It’s another Friday in the life and we know you’re pumped up to step back from work and get some good rest.
As you prepare for all of that, we believe it’s important to share Global Roundup with you. Because we understand you’re busy, we’re bringing back exciting updates across the globe that you missed during the week.
From Jack Dorsey’s exit from the Twitter board to Snap’s shares taking a plunge, this edition of Global Roundup is loaded!
Let’s get into these and more updates:
Jack Dorsey exits the Twitter board
Former Twitter CEO Jack Dorsey’s time at the company has come to an end. Dorsey stepped down from Twitter’s board of directors Wednesday, a change that’s effective as of the company’s shareholders’ meeting.
Dorsey, according to Techcrunch, had already begun to distance himself from the social media platform he co-founded, leaving Twitter’s chief executive role late last year to focus on his fintech company, Block, formerly known as Square.
It wasn’t a surprise that Dorsey didn’t stand for reinstatement to the panel — in November he said he would step down as CEO as well as leave the board when his term expired. But Dorsey’s exit marks the first time in Twitter’s history that none of its co-founders is working at the company or sitting on the board.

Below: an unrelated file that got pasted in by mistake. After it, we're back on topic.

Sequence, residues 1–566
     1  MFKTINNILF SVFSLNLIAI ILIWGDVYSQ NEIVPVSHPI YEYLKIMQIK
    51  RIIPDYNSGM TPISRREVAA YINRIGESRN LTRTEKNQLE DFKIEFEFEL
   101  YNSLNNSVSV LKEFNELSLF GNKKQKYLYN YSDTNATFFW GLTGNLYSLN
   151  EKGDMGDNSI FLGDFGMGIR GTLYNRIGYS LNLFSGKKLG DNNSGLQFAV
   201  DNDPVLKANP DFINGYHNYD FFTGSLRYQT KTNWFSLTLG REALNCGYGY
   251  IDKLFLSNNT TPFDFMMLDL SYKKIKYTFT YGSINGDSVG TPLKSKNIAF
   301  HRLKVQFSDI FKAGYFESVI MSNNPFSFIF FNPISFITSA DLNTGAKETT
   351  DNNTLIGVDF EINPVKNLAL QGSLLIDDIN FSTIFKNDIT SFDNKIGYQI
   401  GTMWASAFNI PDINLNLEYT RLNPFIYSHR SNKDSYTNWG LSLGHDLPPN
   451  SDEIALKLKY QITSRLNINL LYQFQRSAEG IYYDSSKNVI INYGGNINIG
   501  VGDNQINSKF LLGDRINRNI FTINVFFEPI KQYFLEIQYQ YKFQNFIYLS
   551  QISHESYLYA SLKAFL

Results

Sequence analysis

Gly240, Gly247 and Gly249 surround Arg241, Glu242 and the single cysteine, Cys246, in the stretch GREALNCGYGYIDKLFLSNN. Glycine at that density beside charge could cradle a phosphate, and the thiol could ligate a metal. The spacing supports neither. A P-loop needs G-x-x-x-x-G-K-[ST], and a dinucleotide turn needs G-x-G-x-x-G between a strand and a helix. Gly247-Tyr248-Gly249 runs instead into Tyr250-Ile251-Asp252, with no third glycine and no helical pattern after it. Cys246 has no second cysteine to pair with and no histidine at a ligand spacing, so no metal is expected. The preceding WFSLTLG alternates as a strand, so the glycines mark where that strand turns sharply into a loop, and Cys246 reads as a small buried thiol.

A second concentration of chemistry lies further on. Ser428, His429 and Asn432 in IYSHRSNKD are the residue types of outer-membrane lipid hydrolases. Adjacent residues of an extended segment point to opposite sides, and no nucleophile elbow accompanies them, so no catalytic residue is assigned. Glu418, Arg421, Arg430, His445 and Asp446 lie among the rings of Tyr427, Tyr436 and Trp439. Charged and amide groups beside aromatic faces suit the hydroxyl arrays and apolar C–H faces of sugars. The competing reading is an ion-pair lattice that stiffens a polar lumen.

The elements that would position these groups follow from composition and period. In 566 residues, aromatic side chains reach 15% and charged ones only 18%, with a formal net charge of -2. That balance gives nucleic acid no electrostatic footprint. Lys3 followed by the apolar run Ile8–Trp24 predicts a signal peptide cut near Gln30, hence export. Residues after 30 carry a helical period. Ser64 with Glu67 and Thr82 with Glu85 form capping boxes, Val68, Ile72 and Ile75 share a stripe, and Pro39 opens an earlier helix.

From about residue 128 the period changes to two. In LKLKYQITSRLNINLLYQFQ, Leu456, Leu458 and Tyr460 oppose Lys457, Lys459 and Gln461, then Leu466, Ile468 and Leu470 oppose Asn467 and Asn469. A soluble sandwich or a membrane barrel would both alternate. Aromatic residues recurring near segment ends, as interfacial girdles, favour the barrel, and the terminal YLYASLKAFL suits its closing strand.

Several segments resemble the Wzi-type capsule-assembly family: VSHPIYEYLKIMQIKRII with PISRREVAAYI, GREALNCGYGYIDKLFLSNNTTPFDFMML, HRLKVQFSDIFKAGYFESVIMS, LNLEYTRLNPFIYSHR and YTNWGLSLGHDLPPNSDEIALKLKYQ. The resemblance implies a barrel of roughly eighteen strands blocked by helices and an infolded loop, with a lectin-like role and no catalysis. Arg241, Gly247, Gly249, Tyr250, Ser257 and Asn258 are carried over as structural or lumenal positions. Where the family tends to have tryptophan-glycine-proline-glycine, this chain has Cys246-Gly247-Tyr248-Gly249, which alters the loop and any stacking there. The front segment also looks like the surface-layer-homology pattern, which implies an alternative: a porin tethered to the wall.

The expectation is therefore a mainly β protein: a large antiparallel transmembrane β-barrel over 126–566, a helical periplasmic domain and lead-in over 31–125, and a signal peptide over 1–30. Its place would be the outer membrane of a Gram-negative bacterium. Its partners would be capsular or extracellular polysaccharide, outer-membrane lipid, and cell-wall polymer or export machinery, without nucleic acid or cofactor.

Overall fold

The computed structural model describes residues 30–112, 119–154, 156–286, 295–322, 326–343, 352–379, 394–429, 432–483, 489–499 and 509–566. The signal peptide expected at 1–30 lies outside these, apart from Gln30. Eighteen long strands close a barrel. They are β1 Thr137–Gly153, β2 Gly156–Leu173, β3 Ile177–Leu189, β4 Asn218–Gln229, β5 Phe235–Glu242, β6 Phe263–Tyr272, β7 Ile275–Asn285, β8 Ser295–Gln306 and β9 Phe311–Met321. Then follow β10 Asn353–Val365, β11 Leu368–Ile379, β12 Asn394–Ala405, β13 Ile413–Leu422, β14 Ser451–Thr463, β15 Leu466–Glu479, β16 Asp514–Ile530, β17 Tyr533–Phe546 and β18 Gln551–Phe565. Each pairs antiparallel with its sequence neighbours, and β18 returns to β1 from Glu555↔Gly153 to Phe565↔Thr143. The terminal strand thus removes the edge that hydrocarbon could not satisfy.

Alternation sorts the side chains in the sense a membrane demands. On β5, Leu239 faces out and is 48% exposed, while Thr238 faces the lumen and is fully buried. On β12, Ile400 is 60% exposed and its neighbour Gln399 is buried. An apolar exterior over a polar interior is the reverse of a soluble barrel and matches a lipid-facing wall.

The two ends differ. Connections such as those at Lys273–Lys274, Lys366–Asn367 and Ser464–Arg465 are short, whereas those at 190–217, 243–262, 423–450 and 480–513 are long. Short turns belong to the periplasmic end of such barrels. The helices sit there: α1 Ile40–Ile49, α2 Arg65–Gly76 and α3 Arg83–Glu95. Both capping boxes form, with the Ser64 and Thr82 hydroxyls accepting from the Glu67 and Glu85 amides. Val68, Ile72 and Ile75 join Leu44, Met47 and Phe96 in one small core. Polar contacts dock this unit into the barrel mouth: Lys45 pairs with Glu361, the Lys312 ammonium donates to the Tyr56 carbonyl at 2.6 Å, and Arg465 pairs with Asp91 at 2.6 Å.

Twitter shareholders voted on a number of issues on Wednesday but didn’t weigh in on the biggest change confronting the San Francisco-based company: a looming buyout by billionaire Elon Musk. Twitter’s board accepted an offer from Musk in late April to take the company private for about $44 billion. The shareholder vote on whether to approve the deal will take place at a later date that hasn’t yet been announced.
Musk, the world’s richest person, has pledged dramatic changes at Twitter once he takes over, and the current board isn’t expected to stay in place once he takes the company private.
Also declining to stand for re-election was Robert Zoellick, former president of the World Bank, who has been a Twitter director since 2018. Twitter board member Patrick Pichette, Google’s former finance chief, was re-elected. Twitter’s other seven director seats weren’t up for renewal this year.
Zoom sustains expansion plans
Zoom Video Communications Inc. has offered a glimpse of optimism that it can expand beyond its consumer-friendly video software that helped the company to a pandemic boom. But, investors who have soured on Zoom aren’t entirely convinced.